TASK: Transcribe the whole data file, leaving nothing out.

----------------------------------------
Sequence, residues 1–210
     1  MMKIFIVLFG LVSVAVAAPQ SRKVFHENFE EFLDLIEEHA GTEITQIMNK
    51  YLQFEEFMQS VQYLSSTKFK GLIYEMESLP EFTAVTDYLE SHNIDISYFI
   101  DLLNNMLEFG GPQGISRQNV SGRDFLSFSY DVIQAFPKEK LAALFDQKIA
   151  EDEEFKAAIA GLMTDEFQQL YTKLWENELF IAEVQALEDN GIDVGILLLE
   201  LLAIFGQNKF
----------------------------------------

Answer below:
Sequence, residues 1–210
     1  MMKIFIVLFG LVSVAVAAPQ SRKVFHENFE EFLDLIEEHA GTEITQIMNK
    51  YLQFEEFMQS VQYLSSTKFK GLIYEMESLP EFTAVTDYLE SHNIDISYFI
   101  DLLNNMLEFG GPQGISRQNV SGRDFLSFSY DVIQAFPKEK LAALFDQKIA
   151  EDEEFKAAIA GLMTDEFQQL YTKLWENELF IAEVQALEDN GIDVGILLLE
   201  LLAIFGQNKF